(CN) — Nearly five years after the deadly San Bernardino terror attack, a California man who supplied the rifles used to kill 14 people and wound 22 others was sentenced Friday to 20 years in prison.
Years after purchasing two high-powered rifles, gun accessories and explosive powder used by Syed Rizwan Farook and Tashfeen Malik in an Islamic State-inspired attack at a holiday party on Dec. 2, 2015, Enrique Marquez Jr., 28, looked down as he listened to the family members of victims of the attack.
Robert Velasco said he still expects his daughter Yvette to walk through the door after a long trip, nearly five years after she was murdered in the terrorist attack.
“We can still feel her with us. Even though we can’t see her or kiss her,” said Velasco, his voice breaking as he spoke from behind a cloth face mask about his 27-year-old daughter.
Rene Wetzel said she didn’t know how she would survive after her husband Michael was killed.
“He’s just as responsible for the 14 deaths that day as the shooters are,” Wetzel said, adding her children say they don’t ever want to work in an office setting like the one where the attack took place.
Farook and Malik carried out their attack at an employee holiday party at a San Bernardino County building. The couple also left homemade bombs at the building as they continued their rampage. Both were killed in a shootout with police that day.
Marquez — the couple’s neighbor and friend from nearby Riverside — pleaded guilty to supplying material support to terrorists, including guns and explosives, and making false statements in connection with the acquisition of firearms in 2016. He withdrew his guilty plea in 2019,
This year, Marquez’s attorney argued he only agreed to the plea deal with federal prosecutors out of a moral responsibility to the families and victims of the shooting and wanted to “sacrifice himself on the altar” to avoid a lengthy trial.
U.S. District Judge Jesus G. Bernal oversaw the two-day evidentiary hearing earlier this year where defense attorney John Aquilina brought expert witnesses who testified Marquez was a high-functioning autistic man with superior intellect who met Farook at age 13.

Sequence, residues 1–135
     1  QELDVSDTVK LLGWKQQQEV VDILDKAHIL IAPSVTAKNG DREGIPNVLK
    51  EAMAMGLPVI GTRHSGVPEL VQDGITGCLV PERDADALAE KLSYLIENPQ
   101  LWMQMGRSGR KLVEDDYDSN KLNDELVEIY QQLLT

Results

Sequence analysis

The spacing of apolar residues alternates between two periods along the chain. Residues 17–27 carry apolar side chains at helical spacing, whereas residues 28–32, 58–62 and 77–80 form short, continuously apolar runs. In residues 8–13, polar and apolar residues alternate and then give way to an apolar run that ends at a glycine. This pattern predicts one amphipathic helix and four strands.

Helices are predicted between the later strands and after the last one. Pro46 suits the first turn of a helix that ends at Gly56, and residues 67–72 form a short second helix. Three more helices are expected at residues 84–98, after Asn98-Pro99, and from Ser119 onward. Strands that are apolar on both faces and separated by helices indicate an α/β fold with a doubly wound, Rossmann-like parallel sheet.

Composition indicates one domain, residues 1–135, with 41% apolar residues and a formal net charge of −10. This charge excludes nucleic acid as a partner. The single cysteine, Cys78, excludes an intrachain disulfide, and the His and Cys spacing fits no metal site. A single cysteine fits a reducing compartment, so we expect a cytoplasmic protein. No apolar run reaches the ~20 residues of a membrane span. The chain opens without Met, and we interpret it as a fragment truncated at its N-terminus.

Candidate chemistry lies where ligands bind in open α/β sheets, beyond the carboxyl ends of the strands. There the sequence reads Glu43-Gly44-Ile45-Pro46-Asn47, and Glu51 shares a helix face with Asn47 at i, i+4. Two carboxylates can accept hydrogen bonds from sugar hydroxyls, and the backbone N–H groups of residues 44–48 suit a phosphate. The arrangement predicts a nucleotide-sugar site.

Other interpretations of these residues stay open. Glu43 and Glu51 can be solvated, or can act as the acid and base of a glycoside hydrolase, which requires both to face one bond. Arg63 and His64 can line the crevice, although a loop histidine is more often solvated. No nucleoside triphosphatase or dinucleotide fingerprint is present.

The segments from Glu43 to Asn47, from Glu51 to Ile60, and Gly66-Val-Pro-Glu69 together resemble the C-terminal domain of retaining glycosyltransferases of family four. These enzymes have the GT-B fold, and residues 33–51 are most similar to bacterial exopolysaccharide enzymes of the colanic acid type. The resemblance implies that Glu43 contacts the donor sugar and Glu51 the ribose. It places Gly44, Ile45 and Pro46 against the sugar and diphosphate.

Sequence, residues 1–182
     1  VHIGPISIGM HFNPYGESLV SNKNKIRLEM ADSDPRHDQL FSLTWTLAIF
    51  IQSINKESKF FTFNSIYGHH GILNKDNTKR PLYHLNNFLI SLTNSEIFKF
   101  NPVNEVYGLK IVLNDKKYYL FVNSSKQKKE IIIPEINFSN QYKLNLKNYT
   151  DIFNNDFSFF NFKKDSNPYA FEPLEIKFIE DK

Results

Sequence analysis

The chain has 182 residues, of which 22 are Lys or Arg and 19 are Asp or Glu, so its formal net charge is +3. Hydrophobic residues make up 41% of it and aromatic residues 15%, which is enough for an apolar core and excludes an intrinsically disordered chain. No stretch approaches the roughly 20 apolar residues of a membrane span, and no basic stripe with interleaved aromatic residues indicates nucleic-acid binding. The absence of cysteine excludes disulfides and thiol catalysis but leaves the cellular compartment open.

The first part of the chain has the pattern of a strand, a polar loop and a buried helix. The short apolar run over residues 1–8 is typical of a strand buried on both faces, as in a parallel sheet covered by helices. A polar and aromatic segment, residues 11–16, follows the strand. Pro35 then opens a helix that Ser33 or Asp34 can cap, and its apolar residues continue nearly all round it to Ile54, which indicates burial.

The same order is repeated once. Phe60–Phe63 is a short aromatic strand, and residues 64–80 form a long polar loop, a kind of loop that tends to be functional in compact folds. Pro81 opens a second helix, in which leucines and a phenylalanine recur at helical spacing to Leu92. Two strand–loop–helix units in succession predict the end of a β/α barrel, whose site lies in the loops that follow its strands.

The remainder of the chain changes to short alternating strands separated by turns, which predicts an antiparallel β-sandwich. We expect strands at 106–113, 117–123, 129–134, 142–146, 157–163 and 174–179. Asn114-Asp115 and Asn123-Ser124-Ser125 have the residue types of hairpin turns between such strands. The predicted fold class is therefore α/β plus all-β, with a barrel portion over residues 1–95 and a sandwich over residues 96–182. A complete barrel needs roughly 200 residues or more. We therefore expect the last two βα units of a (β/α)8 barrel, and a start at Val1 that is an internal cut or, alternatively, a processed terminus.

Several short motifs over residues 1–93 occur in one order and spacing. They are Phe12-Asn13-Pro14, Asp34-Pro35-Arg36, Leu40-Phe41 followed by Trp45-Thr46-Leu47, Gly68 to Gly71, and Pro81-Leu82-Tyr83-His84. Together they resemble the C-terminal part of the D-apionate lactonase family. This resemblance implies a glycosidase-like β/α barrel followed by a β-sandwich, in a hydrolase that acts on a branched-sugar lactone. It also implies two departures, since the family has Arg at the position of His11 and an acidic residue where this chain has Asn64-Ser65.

Marquez did not speak during the January 2020 hearing and Bernal later denied the motion.
During Friday’s sentencing hearing, Marquez listened as prosecutors painted him as an intelligent man who knew what he was doing when he purchased the weapons and understood what Farook conspired to do — and did nothing.
Assistant U.S. Attorney Melanie Ann Hanson Sartoris argued Marquez has an IQ higher than most people who are tried in the court. She also said he became radicalized along with Farook.
“He knew better. He portrays himself as easily manipulated,” said Sartoris of Marquez. “He knew better. We knew he knew better. He told friends about it online.”
Marquez wrote on social media forums that he stockpiled weapons and purchased guns to hurt people, said Sartoris.
But Aquilina called his client’s online posts hearsay and said Marquez misplaced his trust during his formative years and did not have any criminal history before he met Farook. He said Marquez’s introduction to Farook “was the beginning of the end.”
Sartoris said Marquez read radical jihadist literature to appease Farook and wrote online after he read the literature he “ascended.” In another forum post, Marquez mentioned some “items” he purchased were in his name and he wanted to retrieve them, referring to the rifles.
Marquez appeared in a white prison jumpsuit and blue face mask. He drummed his fingers on his knuckles as he listened to his attorney describe his childhood and stared forward as family members described in court the wounds of those who were killed during the shooting.
Gregory Clayborn’s daughter, Sierra, was just 27 years old and a county health inspector when she was killed. He said prosecutors should have charged Marquez with murder because Marquez did not try and get the rifles back from Farook.
“Do you see the destruction of your decisions? Do you see how many people you have damaged because of your actions?” Clayborn asked Marquez, who sat just a few feet away . “You’re no victim, you established this. Your plan to was to kill people.”
Bernal sentenced Marquez to 20 years in prison and 15 years of supervised probation after release.
“As atrocious, as horrible as those murders were, Mr. Marquez was legally not responsible for those,” Bernal said, adding that while Marquez is “perhaps morally responsible” it wasn’t the court’s responsibility to judge his morality.
Outside the courthouse, Clayborn said: “He should have gotten all the time that they were supposed to give him.”
Marquez and Farook also discussed a separate terrorist attack on college students at Riverside City College and on a major highway. The pair researched how they could carry out attacks at both locations.
Marquez did not speak during the hearing other than to waive his right to do so.
Read the Top 8
Sign up for the Top 8, a roundup of the day's top stories delivered directly to your inbox Monday through Friday.